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Four in five people taking GLP-1 medications for weight loss quit them in two years, even though the drugs are supposed to be taken much longer to maintain their benefits, according to a new report by Eagan-based Prime Therapeutics.

Wednesday's report is disappointing because many people regain all their weight after discontinuing the injectable drugs such as Wegovy and put themselves back at risk for costly chronic diseases, said Pat Gleason, an associate vice president for health outcomes at Prime, which manages pharmacy benefits for Blue Cross insurance plans nationwide.

"It's concerning to us from a waste standpoint," he said.

The surging popularity of the drugs raised costs for health insurers and employers over the past two years, prompting some of them to halt coverage or limit how much they would pay. Even among health care providers, Hennepin Healthcare stopped covering GLP-1 medications for weight loss alone this year for its workers, and Mayo Clinic limited lifetime GLP-1 benefits in one plan to $20,000 per worker.

Cost issues and restrictions alone don't explain the 85% quit rate after two years, or the 47% continuation rate at just six months, Gleason said. The study focused on 3,364 patients who started on GLP-1 medications for weight loss in 2021, and their Blue Cross plans didn't make wholesale changes to their drug formularies or coverage limits in the two years that followed, Gleason said.

The study excluded patients who have diabetes because the medication offers additional benefits for that population. One version, Ozempic, is federally approved only for diabetes management but is widely prescribed off-label for weight loss.

Prime didn't ask patients why they quit, but Gleason said side effects and hassles with the injections were likely factors. The quit rate was higher with the daily drugs compared with the once-a-week versions. Some also likely quit after hitting short-term weight loss goals, not appreciating the risks of gaining weight back.

Shortages also have emerged because of the immense popularity of the medications, which have been promoted on social media platforms as short-term miracles even though they are supposed to be long-term treatments. They likely contributed to the 26% of people in the Prime study who switched GLP-1 medications over two years.

Cost played a role for Maja Smedberg, who last year protested the decision by her employer, Hennepin Healthcare, to stop covering the drug that helped her lose more than 30 pounds. She has stretched out injections from seven to 10 days now that she has lost coverage, but her supply will run out in two weeks. She said she has learned a lot about portion control and said she hopes good eating and exercise habits will help once she is off the drug.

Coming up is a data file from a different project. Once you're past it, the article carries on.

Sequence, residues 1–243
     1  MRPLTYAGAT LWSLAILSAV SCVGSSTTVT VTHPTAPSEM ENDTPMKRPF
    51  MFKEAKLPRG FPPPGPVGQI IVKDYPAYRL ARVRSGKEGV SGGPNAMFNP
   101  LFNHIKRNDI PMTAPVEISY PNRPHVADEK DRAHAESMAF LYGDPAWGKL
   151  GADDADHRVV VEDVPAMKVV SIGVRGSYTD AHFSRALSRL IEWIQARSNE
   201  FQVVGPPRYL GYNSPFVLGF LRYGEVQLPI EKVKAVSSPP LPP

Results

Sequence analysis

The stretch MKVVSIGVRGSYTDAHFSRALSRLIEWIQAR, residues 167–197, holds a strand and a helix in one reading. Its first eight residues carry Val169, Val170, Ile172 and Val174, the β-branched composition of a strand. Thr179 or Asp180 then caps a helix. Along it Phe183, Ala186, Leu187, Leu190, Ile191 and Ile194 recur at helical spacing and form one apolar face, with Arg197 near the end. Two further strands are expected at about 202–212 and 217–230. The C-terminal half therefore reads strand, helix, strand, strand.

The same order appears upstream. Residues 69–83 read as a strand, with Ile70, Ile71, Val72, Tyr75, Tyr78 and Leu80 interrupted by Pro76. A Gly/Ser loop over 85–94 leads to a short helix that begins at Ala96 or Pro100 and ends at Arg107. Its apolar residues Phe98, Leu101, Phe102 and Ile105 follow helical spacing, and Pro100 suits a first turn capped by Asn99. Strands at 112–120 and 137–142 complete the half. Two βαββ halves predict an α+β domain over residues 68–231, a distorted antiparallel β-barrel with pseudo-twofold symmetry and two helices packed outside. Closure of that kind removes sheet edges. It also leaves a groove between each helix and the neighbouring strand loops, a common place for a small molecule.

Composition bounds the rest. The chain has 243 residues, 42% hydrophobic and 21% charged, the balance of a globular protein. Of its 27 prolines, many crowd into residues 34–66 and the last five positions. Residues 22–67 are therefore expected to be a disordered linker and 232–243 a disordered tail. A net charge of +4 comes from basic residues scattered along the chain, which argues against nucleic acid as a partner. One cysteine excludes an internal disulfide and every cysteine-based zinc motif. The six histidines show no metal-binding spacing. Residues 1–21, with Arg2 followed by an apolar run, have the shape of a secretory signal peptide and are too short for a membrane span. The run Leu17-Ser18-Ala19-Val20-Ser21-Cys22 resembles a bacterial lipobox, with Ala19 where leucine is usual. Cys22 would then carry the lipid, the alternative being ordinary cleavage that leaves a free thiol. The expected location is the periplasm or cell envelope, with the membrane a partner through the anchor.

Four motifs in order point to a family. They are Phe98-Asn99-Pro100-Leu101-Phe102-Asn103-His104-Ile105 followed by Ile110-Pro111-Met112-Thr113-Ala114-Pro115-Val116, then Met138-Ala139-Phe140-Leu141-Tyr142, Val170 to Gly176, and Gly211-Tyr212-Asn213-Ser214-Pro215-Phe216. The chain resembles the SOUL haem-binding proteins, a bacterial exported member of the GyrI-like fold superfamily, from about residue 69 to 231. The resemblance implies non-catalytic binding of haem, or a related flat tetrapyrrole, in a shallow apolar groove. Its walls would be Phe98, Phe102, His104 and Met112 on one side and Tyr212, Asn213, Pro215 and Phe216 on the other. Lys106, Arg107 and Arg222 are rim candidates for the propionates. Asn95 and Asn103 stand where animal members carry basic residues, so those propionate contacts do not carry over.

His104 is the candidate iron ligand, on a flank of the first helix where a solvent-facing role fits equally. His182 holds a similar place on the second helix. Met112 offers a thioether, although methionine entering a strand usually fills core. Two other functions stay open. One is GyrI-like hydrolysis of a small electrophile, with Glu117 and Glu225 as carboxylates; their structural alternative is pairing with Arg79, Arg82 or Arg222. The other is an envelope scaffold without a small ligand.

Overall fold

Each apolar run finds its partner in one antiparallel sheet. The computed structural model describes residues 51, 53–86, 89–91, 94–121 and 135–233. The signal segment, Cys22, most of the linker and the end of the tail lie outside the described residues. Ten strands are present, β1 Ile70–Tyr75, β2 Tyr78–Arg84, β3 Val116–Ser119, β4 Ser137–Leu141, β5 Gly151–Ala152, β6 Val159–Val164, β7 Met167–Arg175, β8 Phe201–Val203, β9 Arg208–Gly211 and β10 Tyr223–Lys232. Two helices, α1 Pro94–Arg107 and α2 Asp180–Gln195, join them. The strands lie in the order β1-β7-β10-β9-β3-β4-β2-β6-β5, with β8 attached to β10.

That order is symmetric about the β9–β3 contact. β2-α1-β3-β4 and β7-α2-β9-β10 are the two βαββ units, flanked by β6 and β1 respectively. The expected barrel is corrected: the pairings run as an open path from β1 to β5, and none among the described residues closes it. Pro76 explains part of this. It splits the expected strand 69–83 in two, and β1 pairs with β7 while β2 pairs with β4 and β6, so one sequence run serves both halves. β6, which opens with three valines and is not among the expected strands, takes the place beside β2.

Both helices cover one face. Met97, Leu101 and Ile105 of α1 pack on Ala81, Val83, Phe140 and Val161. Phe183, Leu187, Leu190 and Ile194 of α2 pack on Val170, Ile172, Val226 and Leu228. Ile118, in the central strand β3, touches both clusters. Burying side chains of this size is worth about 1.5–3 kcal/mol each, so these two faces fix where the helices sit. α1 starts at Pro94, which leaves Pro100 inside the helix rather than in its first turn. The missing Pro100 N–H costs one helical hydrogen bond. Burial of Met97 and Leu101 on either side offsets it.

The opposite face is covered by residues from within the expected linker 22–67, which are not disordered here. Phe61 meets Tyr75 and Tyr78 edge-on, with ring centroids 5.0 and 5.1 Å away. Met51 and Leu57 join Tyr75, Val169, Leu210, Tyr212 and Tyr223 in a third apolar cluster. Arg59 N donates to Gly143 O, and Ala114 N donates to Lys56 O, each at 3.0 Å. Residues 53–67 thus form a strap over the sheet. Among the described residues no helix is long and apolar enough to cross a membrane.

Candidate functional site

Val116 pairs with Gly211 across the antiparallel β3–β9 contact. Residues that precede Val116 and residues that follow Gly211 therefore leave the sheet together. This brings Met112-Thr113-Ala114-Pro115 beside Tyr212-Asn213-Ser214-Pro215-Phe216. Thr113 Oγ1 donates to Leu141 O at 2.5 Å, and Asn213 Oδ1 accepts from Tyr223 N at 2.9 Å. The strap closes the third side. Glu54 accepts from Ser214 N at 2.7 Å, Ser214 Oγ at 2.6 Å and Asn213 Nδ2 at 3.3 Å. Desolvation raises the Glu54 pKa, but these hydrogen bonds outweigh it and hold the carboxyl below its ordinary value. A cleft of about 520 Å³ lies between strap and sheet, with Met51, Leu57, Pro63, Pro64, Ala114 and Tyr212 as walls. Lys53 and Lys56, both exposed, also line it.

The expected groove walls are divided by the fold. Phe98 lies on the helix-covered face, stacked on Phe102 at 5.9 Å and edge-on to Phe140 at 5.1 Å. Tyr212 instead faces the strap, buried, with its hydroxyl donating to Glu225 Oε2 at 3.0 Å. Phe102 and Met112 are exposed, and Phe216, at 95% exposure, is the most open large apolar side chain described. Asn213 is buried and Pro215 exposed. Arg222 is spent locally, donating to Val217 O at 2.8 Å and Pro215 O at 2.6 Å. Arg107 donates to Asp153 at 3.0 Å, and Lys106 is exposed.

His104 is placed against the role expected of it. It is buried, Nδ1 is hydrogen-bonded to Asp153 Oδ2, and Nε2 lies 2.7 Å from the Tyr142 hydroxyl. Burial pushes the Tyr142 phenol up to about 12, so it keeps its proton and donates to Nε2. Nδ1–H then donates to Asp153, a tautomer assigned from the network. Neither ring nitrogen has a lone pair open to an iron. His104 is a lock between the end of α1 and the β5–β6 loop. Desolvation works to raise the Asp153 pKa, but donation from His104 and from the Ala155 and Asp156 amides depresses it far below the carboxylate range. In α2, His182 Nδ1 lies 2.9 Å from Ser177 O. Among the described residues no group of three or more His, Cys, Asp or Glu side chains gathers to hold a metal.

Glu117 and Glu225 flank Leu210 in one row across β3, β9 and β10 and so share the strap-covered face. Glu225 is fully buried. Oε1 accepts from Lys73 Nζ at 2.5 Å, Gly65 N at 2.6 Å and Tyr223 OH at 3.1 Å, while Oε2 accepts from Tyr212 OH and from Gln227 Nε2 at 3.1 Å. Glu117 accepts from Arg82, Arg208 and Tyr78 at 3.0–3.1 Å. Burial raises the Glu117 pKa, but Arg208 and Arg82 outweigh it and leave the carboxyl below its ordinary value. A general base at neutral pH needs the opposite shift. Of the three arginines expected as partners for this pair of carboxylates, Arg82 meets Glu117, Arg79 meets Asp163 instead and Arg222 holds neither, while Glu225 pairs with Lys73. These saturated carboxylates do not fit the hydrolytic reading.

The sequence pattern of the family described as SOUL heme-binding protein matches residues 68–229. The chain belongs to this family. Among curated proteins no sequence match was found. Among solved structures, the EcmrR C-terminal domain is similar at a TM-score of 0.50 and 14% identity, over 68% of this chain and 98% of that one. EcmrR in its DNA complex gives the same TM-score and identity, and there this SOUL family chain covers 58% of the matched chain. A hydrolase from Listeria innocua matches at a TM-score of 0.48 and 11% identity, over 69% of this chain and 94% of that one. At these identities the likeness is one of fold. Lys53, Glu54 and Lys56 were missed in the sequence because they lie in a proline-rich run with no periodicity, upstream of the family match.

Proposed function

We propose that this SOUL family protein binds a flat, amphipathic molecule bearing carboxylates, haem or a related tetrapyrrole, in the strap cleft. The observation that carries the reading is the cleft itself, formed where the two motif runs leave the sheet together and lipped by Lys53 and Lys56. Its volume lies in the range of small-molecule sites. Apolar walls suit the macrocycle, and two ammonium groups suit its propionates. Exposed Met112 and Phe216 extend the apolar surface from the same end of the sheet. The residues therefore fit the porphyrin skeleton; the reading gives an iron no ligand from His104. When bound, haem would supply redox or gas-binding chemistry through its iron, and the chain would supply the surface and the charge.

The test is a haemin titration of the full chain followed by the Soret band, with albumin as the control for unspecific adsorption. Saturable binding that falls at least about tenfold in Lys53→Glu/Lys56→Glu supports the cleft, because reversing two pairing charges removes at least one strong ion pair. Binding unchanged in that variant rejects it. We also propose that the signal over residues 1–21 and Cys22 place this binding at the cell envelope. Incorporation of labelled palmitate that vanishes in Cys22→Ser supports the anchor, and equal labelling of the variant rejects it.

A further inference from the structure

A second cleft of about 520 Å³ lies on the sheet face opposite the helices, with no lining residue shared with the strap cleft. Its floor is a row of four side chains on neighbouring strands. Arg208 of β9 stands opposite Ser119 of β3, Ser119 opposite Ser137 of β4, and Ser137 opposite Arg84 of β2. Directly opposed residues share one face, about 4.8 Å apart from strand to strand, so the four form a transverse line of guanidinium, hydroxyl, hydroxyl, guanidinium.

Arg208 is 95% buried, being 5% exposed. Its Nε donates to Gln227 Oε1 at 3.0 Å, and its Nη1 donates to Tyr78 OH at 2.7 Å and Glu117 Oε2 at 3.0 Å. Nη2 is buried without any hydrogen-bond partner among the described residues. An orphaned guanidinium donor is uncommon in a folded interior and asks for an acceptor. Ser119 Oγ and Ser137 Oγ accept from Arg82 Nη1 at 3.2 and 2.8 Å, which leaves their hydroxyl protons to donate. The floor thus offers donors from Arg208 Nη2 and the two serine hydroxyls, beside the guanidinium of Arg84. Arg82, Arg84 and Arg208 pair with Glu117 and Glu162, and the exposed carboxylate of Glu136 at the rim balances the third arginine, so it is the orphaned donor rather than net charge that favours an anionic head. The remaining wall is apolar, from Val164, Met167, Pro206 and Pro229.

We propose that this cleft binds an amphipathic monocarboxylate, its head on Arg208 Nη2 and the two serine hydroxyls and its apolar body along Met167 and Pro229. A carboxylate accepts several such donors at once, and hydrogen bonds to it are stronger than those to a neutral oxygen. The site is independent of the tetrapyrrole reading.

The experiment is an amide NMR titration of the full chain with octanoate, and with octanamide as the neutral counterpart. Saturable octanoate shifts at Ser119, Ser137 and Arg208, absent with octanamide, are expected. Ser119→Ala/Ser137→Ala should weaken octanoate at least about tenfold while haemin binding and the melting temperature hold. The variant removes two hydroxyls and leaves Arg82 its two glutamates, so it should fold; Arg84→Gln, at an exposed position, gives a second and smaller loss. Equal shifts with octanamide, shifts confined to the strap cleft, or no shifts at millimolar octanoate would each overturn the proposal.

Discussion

"I know the statistics regarding weight gain after going off, but you never know if I'll be an anomaly," she said. "I am worried about it, but trying not to be because worrying just stresses me out and I can't control how my body will respond."

Novo Nordisk, the Danish manufacturer of Wegovy and Ozempic, reported in 2022 that people gained two-thirds of their weight back on average after halting the medication. A global research group last year reported fewer heart problems in people with obesity who took GLP-1 injections, but they needed to be on the medications for three years to gain those benefits, Gleason said.

Researchers are trying to find alternatives or exercise regimens that will help people maintain their weight loss and manage their cravings and hunger once off the injections.

Epic Research found that 27% of patients regained all of their weight after weaning off GLP-1 medications, but that rate was cut to 19% when they switched to another weight-loss drug called phentermine. While only an 8-percentage-point difference, the risk reduction is enough for doctors to at least consider this follow-up therapy for patients, said Kersten Bartelt, lead author of the Epic report.

A Danish study found that a combination of GLP-1 injections and structured exercise allowed many patients to maintain their weight loss for at least one year after discontinuing the drugs.

Gleason said that is encouraging and that Prime is promoting a KeepWell program to employers that can help their workers make diet and exercise improvements while receiving obesity medications. He likened the pairing of GLP-1 medications with structured exercise and diet programs to the counseling programs that were first combined with nicotine therapies years ago.

"Quitting smoking is hard," he said. "Losing weight is hard."